We know that family law issues can be hotly contested. Nowhere is this seen more frequently than child custody disputes. In many of these instances, each parent thinks that he or she knows what’s best for the child, and squabbles can therefore arise over just about any topic, from disciplinary tactics to educational decisions. Although these matters can be uncomfortable, they can also usually be addressed through communication and, when necessary, court intervention.
But sometimes these matters become so mutated that children are manipulated for the sole purpose of driving a wedge between them and their other parent, which can be a difficult matter to talk through. This is known as parental alienation, and it can have tremendous implications for the alienated parent and the child.
How parental alienation occurs
Before we get to the implications of parental alienation, let’s look at how it is carried out by manipulative parents. There are a lot of tactics that these parents can utilize to alienate their child’s other parent, but it oftentimes starts with seemingly minor statements to the child about the other parent’s lack of affection for the child or lack of willingness to care for the child. These statements, of course, aren’t true, but they can create a warped vision of the other parent in the child’s mind, thereby reducing the child’s desire to positively interact with that parent.
But parental alienation can take other forms, too. A child may be told intimate and inappropriate details of a marriage so as to change the child’s perception of the other parent, and the parental gatekeeping role can be exploited to cut the other parent out of conversation with the child and engagement in the child’s activities. A manipulating parent may also create scheduling issues where the alienated parent is forced to take the child away from a fun activity so that the child grows to resent spending time with that parent. In some cases, alienating parents even go so far as to brainwash their children into believing that they were physically harmed by their other parent.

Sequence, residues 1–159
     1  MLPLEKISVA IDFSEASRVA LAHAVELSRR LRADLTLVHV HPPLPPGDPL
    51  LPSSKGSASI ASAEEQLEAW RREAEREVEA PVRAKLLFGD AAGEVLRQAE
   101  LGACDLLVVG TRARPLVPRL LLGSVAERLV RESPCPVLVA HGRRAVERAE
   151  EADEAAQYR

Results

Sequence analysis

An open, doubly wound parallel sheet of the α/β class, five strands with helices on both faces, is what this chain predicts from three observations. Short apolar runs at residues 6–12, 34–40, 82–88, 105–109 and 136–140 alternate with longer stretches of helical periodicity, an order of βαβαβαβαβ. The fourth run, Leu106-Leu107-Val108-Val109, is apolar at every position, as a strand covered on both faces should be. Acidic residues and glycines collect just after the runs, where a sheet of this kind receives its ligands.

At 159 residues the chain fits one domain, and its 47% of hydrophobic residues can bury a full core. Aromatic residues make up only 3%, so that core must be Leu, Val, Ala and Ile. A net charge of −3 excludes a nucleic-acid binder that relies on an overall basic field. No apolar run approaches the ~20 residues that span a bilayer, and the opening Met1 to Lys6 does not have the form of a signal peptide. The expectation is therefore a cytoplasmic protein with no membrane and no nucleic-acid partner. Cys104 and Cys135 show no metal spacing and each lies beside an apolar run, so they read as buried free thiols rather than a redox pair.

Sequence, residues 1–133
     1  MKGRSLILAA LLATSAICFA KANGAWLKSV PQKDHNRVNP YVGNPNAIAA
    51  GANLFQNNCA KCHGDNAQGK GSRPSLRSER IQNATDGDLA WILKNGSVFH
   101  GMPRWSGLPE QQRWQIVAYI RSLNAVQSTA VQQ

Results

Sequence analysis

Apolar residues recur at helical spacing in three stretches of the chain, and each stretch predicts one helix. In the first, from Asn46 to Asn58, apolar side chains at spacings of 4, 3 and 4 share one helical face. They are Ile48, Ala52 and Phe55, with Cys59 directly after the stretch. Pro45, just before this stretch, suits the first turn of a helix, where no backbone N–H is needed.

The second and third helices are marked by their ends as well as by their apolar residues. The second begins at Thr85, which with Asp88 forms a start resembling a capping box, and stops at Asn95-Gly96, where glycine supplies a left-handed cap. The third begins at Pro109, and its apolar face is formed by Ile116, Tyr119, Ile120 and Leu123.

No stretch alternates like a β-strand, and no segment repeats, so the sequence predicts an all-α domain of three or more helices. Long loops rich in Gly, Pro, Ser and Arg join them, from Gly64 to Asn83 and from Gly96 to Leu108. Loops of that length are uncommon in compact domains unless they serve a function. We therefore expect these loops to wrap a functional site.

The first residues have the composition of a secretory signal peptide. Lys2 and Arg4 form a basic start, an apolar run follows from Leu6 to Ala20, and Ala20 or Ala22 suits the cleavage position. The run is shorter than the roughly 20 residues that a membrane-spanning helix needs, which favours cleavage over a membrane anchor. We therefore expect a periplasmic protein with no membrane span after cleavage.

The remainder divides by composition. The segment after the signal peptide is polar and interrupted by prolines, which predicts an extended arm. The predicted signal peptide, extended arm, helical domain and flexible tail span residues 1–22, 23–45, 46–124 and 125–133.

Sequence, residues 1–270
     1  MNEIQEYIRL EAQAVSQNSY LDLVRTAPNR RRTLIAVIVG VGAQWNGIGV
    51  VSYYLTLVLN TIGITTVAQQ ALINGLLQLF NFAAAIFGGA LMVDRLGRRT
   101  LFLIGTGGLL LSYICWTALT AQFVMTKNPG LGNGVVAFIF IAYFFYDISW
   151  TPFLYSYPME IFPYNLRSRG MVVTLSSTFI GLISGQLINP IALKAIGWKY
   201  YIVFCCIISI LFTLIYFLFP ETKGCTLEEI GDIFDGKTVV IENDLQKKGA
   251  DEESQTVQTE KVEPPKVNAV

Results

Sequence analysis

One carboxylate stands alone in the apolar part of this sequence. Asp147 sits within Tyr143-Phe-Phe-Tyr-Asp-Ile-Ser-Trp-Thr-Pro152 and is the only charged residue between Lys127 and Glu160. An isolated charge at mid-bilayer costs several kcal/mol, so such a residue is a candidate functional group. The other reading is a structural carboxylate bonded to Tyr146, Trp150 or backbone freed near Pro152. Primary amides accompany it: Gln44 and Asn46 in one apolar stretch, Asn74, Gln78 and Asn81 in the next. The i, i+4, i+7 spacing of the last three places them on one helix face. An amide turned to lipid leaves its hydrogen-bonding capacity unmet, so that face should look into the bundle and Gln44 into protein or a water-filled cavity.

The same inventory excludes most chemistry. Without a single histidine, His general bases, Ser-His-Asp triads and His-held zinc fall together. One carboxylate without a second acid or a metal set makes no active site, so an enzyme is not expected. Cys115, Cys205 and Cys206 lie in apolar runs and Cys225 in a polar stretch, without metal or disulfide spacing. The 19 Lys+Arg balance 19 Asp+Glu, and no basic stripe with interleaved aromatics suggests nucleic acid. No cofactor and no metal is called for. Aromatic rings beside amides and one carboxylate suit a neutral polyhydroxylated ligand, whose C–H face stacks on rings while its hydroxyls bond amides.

The damage caused by parental alienation
The damage caused by parental alienation is significant. The child can grow to despise his or her other parent, which often manifests in unrelenting criticism of that parent alongside an unwavering support of the manipulative parent. This damage can be long-lasting, and an alienating parent often uses that damaged relationship as justification to seek further restriction of parenting time, sometimes even seeking to fully suspend it. This damage can be hard to repair and overcoming one of these custody modifications can be challenging.
What can you do?
If you think that you and your child have been subjected to parental alienation, then you need to take action now. Ask pointed questions about why your child is behaving the way that he or she is and take notes of all instances that may be indicative of alienation. You may also want to seek a court order for some sort of child custody or mental health evaluation so that you can have a professional determine if manipulative behavior is affecting your child. You can also speak to family members, friends, neighbors, and anyone else who may be able to testify as to the strong bond that you and your child once had.
Once you’re armed with that evidence, you may be well positioned to seek a child custody modification of your own. The good news is that family law courts are becoming more receptive to parental alienation arguments, which means that a well-reasoned position may have a receptive audience. So, if you’d like to build the best case that you can in this regard and maximize your chances of protecting your relationship with your child, then now may be the time to discuss you circumstances with an experienced family law attorney.